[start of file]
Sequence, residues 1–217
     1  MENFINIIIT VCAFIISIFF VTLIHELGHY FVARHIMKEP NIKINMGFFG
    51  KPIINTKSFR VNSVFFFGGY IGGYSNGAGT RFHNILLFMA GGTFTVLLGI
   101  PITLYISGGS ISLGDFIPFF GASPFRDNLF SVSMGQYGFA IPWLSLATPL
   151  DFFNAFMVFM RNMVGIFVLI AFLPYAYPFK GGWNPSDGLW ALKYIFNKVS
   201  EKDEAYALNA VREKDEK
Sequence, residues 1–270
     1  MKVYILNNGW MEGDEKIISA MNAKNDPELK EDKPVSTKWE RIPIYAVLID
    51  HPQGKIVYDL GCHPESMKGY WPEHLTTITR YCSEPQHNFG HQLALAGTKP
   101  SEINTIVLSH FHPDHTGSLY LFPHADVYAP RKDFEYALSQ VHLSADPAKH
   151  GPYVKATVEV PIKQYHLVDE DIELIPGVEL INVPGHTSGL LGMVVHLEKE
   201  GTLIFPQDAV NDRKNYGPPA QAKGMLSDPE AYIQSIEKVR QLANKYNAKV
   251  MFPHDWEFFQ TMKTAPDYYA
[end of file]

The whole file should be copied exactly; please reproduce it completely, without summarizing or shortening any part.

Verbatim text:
Sequence, residues 1–217
     1  MENFINIIIT VCAFIISIFF VTLIHELGHY FVARHIMKEP NIKINMGFFG
    51  KPIINTKSFR VNSVFFFGGY IGGYSNGAGT RFHNILLFMA GGTFTVLLGI
   101  PITLYISGGS ISLGDFIPFF GASPFRDNLF SVSMGQYGFA IPWLSLATPL
   151  DFFNAFMVFM RNMVGIFVLI AFLPYAYPFK GGWNPSDGLW ALKYIFNKVS
   201  EKDEAYALNA VREKDEK
Sequence, residues 1–270
     1  MKVYILNNGW MEGDEKIISA MNAKNDPELK EDKPVSTKWE RIPIYAVLID
    51  HPQGKIVYDL GCHPESMKGY WPEHLTTITR YCSEPQHNFG HQLALAGTKP
   101  SEINTIVLSH FHPDHTGSLY LFPHADVYAP RKDFEYALSQ VHLSADPAKH
   151  GPYVKATVEV PIKQYHLVDE DIELIPGVEL INVPGHTSGL LGMVVHLEKE
   201  GTLIFPQDAV NDRKNYGPPA QAKGMLSDPE AYIQSIEKVR QLANKYNAKV
   251  MFPHDWEFFQ TMKTAPDYYA